I was diagnosed with Cerebral Palsy in 1986. Since then, I have been on a journey for personal development. For many years, my decision-making was framed by highly opinionated people. I’d hear: “You should do this!” That’s not right!” “Do that.” “I think you should_______. “You shouldn’t do this because…”
Every mistake I’d make was a source of constant shame. The opinion was unanimous about my insufficiency. If I consider the repetitive assault on my faults, this entry would never be completed.
I could not tie my shoes “correctly”.
My dad tried to show me the “loop swoop and pull” method. Recalling Adam Sandler’s “Big Daddy”, I’m sure there are people who tie their shoes this way. For me, the method had too many details. Swooping the bow under to make a knot was extremely difficult. I would end up confused after many trials. The “bunny ears” method was easier.I tie my shoes that way, and I like bunnies. Crossing two bunny ears is effective even when the shoestrings are too long.
I could not kick.
When you have Cerebral Palsy, kicks can be painful. Range of motion is always a issue because (CP) is a disability that affects motor skills and coordination. Whenever I tried to kick, my legs could not go very high. My kicks we wimpy in my estimation. My karate days never came.
I could not control or lose my temper. My feelings about many things were never truly fair.
I was almost always judged for that.I was always too loud, too happy, too temperamental, or too quiet. These behaviors were all my attempt to compensate for the day to day experience of having Cerebral Palsy. High school was a roller-coaster. Music and poetry were outlets that expressed everything that I could not verbalize confidently. I overcompensated, and had a limited grasp on the things that made me truly happy.
I also struggled with seizures, balance, therapy, education, and relationships, I was overwhelmed much of the time mentally and physically, by people who —if you let them tell it—were only trying to help.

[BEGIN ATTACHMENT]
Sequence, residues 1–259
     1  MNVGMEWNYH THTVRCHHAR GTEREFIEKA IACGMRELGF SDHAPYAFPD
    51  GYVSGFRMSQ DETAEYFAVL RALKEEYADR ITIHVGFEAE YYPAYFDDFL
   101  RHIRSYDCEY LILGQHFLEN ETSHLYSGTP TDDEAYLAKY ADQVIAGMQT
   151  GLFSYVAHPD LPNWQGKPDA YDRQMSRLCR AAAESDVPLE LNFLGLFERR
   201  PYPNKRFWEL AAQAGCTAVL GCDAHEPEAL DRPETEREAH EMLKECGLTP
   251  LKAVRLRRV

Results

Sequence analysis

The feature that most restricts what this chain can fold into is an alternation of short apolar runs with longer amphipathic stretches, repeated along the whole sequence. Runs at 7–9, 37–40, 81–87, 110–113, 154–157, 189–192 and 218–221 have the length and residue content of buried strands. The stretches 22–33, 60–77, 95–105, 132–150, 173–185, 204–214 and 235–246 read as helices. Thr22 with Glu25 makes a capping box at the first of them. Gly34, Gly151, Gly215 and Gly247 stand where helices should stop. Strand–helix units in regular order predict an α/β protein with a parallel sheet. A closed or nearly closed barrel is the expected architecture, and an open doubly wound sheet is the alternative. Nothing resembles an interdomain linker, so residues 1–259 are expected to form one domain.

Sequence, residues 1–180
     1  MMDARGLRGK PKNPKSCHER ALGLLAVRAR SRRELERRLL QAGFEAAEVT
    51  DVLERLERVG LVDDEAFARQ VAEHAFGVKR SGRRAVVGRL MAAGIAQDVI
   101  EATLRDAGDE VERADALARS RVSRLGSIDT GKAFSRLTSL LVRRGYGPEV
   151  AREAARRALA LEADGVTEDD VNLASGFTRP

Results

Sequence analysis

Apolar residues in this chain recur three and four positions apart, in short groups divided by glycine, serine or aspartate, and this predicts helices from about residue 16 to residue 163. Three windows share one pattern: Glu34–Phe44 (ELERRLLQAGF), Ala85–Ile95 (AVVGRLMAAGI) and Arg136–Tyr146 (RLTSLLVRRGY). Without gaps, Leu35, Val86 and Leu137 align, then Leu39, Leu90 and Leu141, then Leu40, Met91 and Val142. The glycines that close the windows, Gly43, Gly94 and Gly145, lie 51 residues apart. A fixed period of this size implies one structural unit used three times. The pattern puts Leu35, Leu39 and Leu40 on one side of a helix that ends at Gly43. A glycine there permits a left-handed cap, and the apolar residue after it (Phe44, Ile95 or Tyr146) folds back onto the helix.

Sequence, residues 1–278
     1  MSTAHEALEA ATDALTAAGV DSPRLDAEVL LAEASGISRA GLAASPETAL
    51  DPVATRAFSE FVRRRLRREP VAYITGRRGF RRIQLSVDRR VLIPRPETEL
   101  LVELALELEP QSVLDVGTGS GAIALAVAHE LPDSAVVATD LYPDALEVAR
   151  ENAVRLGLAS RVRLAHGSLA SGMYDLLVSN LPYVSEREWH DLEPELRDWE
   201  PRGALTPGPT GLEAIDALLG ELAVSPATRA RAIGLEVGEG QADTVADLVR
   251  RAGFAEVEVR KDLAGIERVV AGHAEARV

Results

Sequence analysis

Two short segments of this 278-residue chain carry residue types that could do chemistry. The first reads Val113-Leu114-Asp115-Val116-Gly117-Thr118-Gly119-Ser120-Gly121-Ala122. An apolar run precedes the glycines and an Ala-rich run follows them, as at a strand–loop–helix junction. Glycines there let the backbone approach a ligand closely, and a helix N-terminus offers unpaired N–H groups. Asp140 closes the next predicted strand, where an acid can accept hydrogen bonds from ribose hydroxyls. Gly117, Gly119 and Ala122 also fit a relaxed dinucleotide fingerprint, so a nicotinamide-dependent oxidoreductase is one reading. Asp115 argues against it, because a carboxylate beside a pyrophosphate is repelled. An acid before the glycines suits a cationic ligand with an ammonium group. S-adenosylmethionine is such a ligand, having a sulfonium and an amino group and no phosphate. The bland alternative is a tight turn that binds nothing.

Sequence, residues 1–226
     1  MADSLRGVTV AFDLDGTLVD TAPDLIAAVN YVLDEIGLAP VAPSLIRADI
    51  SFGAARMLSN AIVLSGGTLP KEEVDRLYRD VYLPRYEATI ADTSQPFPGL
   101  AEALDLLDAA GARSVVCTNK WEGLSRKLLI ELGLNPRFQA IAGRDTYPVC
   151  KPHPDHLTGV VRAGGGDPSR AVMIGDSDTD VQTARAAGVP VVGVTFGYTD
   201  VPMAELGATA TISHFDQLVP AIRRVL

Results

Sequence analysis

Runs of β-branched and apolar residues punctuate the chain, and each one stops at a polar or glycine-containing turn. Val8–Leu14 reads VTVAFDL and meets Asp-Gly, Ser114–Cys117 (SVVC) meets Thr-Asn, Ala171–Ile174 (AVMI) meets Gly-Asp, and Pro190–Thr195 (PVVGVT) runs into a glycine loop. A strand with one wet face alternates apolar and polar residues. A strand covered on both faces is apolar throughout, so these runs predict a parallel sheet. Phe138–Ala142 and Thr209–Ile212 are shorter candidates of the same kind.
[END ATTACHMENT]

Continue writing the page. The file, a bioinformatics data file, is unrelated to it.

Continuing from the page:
All this help did not truly help me all the time. I wasn’t in a position to see it. After all, what do I know about anything? I’m disabled… and that means my thoughts about things are of limited importance.
I didn’t realize that when your instincts are easily influenced by the “help” of others, governing one’s self is difficult. Given this scenario, when are we able to know what thoughts and opinions are truly ours?
I often reflect and thank God for all the times when I have been blessed to turn the other cheek and be merciful to those who have hurt me.
I reflect on this scripture:
Hebrews 12:1 Therefore, since we are surrounded by such a great cloud of witnesses, let us throw off every encumbrance and the sin that so easily entangles, and let us run with endurance the race set out for us.- Berean Study Bible
I have been working to develop who I am in God. It’s hard work. I’m busy often forgiving myself and forgiving others, trying to do my part to right the past, before my life is done. Also, I’m learning to save room for God. It’s hard to wait on him to purge my heart.
Having the mind of Christ, is a constant hunt for grace and mercy. It’s also a constant struggle to deliver justice with out anger and strife. No one is perfect, which is why as we continue developing our inner person, we must never think that WE’VE made it.
I am understanding that great people in authority don’t need to compete to be recognized. There’s a calm confidence that emerges when someone in a position of responsibility is truly respected for the appropriate purpose. Character is rewarded when grace achieves its perfect work.